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In the fast lane

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In the fast lane

July 2020

Daniel Dudley completed his full CIMA qualification with e-Careers, earning ACMA and CGMA status, in just three years. So how did he do that?

Meet Daniel. He recently became a finance manager, providing financial support to a portfolio of businesses, including tax planning, software implementation and investment appraisals. We asked him about his story so far.


You’ve recently fully completed the CIMA qualification. How did you find studying CIMA while working, and how did you manage the work/life balance?


The CIMA qualification is such a great qualification to have, and it’s recognised so widely. Now I have finally finished and am a Chartered Management Accountant I can look back on the amount of sacrifice and studying I had to do for three years and can easily say it has been worth it! Studying CIMA while working full time was a challenge. I found a few things specifically helped to manage it:


• You must set goals: For every course, I set a goal of how quickly I wanted to sit and pass the exam.


My default was 10 weeks for the standard objective tests and you only really have seven weeks for case studies. Knowing I only had 10 weeks forced me to plan what topics I would cover in each of those 10 weeks when I would do mock tests, how much question practice I would do and so on. Then track yourself against this. I had a very detailed study plan and set targets of how many hours I was going to study that week. When I was falling short of where I should be, I could change my schedule to get me back on track.


• Be consistent: I would get to work an hour early to study CIMA, and I got into a great habit of doing this every day. I found that I could get through the content of the course in six to eight weeks. Since it was a consistent effort, my retention of the knowledge was secured for the long term.


• Be realistic with your study plan: Early on in my studies, my wife and I had our first child. As you can imagine my studies dropped significantly as other priorities in life took over. You’ve got to be realistic with your study plans. There are aspects of life that will take over from time to time, year ends, forecasts or budget cycles might mean longer hours at work. However, if you factor those into your plan and be realistic with what you can commit to, you’ll find that you can stick to your plans better and get through the papers in no time.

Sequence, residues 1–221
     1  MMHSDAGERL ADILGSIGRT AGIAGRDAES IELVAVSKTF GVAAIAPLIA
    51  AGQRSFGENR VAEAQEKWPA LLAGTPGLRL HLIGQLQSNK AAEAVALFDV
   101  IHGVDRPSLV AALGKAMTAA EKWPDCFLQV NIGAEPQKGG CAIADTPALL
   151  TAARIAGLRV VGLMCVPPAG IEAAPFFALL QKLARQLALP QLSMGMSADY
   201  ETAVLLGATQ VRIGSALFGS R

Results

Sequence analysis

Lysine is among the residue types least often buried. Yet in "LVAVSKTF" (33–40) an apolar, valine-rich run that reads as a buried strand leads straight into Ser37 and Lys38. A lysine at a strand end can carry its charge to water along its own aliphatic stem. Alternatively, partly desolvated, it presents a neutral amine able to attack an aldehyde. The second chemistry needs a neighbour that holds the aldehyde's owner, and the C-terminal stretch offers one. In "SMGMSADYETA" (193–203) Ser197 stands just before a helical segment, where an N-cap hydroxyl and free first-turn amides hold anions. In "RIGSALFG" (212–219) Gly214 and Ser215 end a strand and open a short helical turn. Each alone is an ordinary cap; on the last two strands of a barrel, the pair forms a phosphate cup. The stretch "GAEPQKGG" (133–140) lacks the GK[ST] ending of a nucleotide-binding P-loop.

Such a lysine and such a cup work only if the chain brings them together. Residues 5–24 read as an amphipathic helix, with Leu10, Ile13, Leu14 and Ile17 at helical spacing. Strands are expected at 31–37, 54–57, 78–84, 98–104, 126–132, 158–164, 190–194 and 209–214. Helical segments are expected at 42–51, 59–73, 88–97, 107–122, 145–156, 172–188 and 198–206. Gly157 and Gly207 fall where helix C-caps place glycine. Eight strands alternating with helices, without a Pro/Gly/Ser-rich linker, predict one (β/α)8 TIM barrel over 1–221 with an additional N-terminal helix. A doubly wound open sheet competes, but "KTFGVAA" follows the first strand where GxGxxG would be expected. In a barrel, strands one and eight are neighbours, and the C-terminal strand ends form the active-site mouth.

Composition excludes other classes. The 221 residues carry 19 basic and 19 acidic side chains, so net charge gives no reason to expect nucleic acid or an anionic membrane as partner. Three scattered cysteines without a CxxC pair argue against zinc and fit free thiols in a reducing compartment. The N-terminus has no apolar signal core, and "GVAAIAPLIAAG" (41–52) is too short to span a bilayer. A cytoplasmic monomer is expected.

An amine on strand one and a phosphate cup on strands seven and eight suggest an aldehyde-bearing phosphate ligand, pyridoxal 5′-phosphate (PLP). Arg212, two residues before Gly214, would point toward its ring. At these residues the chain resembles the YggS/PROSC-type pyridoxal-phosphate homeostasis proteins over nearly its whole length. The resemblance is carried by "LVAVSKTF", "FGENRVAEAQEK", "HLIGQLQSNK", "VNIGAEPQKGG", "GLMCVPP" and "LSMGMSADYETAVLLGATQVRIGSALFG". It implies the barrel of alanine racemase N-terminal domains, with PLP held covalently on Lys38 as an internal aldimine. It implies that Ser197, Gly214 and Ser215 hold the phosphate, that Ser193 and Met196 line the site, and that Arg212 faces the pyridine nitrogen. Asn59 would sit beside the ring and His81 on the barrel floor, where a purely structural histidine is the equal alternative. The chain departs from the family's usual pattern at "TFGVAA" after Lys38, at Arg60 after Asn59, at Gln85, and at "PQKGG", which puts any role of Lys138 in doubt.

What advice would you give to individuals contemplating starting a CIMA qualification right now?


I’ve spoken to many people in business that wish they had done CIMA. If it interests you, start now. The key with CIMA is to get experience alongside your studies. The knowledge is great but for it to be valuable you really need to see how finance works, the knowledge CIMA gives will make it easier to understand but you will need to see it and learn it.


From all the knowledge you’ve gained from CIMA so far, what has been the most important thing you’ve learnt?


Be curious. Obviously, CIMA covers quite a wide range of topics that as an accountant you need awareness of. The most important lesson CIMA has taught me is to be curious. I found my experience studying CIMA has been enriched by proactively trying to understand topics in depth.


What is your current job title and what are your responsibilities?


I am a Finance Manager for a company that offers operational, commercial and financial support to a portfolio of businesses. My role includes business planning and budgeting, setting up management accounts, tax planning, implementing new controls and software, investment appraisals, liaising with companies’ accountants and more. It’s very varied but has been very rewarding.


How often do you use the skills you’ve learnt from CIMA training in your dayto-day life at work?


All the time! Variance analysis is a management accountants’ bread and butter! I use this all the time to understand why performance is not as expected. There are just so many skills you can learn if you really throw yourself into studying CIMA.

The qualification will equip you with the knowledge you need to do well, however if you really invest in understanding and seeking ways to apply the knowledge you’ll find the skills you develop will serve you in many situations in and out of the finance function.


Do you find a career in accounting rewarding?


I find it very rewarding. Accountants are such an important part of any business.


What I find accountants particularly good at is finding out how businesses are actually performing and being able to track that. That’s what I find rewarding as an accountant – helping the business to really understand what is going on…


• Thanks to e-Careers for this article.

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